The architecture for the ARPANET utilized an Internet message processor (IMP) at each of the four institutions. On Oct. 29, 1969 — when UCLA and Stanford were the only ones connected at the time — UCLA student Charles Kline was supposed to send the first message over the network with the word “login.” He got the “l” and the “o” through successfully before the computers crashed. It was half a message, but they were the first letters to be transmitted long distance between two networked computers.

The U was added as the fourth node in December 1969 using a DEC PDP-10 computer and the TENEX operating system. By 1981, there were 213 nodes connected to ARPANET. In 1990, ARPNET was retired, and most university computers migrated to a newer network. But those first four nodes will be remembered for being the launching point for a new technological revolution. The internet today is now the foundation for nearly all electronic communications in the world, from websites to email.

“The University of Utah College of Engineering is pleased to have as part of its legacy the role it played in the establishment of the internet, which has had a profound effect on every aspect of modern life,” said U College of Engineering Dean Richard B. Brown. “It is not a stretch to say that the ARPANET led to our ability to access information instantly, to our ability to communicate for free, and to the tech boom in Utah’s economy known as Silicon Slopes.”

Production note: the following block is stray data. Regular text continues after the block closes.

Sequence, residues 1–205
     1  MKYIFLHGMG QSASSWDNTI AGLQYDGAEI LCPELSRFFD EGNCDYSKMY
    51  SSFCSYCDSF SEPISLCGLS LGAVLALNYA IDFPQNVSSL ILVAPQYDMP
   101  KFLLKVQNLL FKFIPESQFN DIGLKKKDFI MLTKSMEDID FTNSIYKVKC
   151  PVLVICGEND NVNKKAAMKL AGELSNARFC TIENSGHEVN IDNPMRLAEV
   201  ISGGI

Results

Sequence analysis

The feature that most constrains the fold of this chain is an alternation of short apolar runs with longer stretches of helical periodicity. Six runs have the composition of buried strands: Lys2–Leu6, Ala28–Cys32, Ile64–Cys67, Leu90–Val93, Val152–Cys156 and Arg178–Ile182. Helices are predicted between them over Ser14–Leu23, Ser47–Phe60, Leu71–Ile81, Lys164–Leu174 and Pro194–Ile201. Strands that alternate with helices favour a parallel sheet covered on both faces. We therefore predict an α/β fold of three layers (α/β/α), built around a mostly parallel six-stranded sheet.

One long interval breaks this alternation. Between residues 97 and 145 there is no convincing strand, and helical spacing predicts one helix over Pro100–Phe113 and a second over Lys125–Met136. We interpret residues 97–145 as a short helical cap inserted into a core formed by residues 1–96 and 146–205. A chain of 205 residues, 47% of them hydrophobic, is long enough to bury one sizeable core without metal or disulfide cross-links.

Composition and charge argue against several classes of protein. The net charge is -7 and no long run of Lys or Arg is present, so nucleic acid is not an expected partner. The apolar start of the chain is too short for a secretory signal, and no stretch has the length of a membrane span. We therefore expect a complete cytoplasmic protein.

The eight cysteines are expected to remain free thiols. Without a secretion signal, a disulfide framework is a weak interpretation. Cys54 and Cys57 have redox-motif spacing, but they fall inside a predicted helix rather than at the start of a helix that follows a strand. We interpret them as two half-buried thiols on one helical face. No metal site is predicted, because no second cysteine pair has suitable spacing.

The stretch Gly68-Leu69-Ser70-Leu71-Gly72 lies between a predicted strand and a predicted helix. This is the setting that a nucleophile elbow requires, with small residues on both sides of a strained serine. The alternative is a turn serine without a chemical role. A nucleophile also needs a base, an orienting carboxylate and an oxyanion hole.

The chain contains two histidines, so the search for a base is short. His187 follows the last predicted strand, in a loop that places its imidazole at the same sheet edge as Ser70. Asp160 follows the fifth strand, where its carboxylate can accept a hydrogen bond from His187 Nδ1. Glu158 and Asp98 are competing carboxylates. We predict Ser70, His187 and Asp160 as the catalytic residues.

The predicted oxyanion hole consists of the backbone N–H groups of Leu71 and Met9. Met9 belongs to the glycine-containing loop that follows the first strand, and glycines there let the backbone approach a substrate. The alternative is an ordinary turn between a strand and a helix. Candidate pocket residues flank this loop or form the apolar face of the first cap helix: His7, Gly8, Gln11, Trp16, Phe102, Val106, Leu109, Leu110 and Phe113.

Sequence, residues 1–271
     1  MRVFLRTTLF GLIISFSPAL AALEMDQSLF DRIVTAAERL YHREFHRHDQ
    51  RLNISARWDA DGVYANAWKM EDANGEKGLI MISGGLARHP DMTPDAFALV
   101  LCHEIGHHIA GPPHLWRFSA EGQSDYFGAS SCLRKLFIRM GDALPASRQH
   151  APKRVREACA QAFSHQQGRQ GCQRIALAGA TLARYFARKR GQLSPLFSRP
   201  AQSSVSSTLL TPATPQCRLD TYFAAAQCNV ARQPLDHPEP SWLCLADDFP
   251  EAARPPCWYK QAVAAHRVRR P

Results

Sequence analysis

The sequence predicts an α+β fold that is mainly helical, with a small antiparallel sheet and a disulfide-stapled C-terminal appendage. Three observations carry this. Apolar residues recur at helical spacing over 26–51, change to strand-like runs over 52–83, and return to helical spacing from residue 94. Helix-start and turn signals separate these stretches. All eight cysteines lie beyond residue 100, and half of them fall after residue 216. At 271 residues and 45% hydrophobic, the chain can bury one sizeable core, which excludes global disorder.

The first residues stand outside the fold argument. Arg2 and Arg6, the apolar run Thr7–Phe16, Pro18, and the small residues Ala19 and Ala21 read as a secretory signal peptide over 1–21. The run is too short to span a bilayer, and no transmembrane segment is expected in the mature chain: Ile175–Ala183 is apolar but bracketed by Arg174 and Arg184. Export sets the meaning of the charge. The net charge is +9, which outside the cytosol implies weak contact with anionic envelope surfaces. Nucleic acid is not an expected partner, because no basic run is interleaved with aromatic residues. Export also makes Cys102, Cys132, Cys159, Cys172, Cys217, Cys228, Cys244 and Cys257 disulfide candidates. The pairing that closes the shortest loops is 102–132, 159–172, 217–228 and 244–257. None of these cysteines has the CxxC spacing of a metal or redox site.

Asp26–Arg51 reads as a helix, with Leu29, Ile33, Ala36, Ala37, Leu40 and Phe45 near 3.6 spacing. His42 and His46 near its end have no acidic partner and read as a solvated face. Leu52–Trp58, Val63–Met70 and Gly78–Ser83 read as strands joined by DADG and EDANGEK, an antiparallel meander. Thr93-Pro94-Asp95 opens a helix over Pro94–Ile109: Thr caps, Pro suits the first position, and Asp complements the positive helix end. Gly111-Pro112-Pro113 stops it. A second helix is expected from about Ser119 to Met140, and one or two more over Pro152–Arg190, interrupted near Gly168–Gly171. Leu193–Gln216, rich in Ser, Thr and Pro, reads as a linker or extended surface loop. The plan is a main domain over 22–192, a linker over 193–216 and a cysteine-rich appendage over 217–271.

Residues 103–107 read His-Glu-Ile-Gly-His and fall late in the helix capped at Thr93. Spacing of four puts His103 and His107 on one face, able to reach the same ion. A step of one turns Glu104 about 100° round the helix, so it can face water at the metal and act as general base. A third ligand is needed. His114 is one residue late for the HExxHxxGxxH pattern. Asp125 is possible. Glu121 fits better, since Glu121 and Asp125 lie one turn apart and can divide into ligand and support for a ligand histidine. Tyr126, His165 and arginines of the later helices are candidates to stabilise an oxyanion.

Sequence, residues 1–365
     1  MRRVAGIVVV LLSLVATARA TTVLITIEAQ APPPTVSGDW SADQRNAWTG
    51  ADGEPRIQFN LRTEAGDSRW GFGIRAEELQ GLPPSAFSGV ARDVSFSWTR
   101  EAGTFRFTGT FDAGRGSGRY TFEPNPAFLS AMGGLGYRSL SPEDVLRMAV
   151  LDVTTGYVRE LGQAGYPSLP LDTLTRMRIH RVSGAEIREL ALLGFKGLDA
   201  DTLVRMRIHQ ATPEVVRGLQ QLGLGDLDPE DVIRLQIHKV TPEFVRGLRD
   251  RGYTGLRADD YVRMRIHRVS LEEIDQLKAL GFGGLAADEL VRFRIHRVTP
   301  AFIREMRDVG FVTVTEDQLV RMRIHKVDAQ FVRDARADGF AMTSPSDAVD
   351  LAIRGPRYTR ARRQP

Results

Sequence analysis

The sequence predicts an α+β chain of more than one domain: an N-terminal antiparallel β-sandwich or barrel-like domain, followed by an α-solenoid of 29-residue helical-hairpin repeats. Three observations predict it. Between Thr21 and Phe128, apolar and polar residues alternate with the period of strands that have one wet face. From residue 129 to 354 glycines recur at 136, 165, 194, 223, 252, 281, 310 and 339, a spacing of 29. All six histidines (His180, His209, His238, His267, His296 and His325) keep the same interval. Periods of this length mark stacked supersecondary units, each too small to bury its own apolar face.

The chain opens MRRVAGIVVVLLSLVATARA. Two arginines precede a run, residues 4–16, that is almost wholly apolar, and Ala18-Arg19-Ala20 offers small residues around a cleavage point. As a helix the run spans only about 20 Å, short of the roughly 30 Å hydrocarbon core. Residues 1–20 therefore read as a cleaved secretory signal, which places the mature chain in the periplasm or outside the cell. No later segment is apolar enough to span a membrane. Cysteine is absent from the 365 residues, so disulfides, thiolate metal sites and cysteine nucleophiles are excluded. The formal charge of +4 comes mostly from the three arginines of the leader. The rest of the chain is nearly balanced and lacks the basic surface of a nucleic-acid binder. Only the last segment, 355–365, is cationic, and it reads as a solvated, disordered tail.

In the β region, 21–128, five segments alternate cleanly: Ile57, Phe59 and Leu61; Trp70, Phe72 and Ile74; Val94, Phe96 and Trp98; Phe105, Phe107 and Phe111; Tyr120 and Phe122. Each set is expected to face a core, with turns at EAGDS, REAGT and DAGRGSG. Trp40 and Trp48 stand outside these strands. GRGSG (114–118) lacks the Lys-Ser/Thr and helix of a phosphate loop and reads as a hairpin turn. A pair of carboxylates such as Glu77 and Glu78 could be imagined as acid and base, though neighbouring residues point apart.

“You’ve got to have more engineers”

“You want tech jobs in Utah, you’ve got to have more engineers.”

That’s what Adobe co-founder and University of Utah College of Engineering graduate John Warnock once said to then-Utah Governor Michael Leavitt, according to a May 11 story on Forbes about Utah’s rising tech sector.

In the last 20 years, the number of tech jobs in Utah rose 347%, and the state is now third in the country in venture capital activity per capita, according to the story.

Read below from Forbes about Utah’s success story as a rising tech center, thanks in no small part to our ability to feed new engineers into the workforce.

A few weeks ago, Former Utah Governor and Health & Human Services Secretary Michael O. Leavitt spoke at a technology summit here in the state. He talked about where Utah’s tech sector was 25 years ago, where it is now and what needs to happen to keep the momentum going.

“Leadership is a generational relay,” Leavitt said. “Each generation builds on the generations before.” A quarter of a century ago, Leavitt’s administration laid the foundation for the state’s business growth with an objective to become a tech capital.

Click here to read the rest of the story.